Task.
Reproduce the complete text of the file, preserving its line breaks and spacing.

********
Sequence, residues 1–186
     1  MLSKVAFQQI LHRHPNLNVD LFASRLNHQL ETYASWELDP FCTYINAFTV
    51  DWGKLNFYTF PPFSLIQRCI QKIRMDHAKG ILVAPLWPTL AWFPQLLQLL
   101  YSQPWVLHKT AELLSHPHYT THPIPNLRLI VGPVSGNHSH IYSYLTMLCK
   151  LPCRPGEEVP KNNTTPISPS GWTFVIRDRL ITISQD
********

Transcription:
Sequence, residues 1–186
     1  MLSKVAFQQI LHRHPNLNVD LFASRLNHQL ETYASWELDP FCTYINAFTV
    51  DWGKLNFYTF PPFSLIQRCI QKIRMDHAKG ILVAPLWPTL AWFPQLLQLL
   101  YSQPWVLHKT AELLSHPHYT THPIPNLRLI VGPVSGNHSH IYSYLTMLCK
   151  LPCRPGEEVP KNNTTPISPS GWTFVIRDRL ITISQD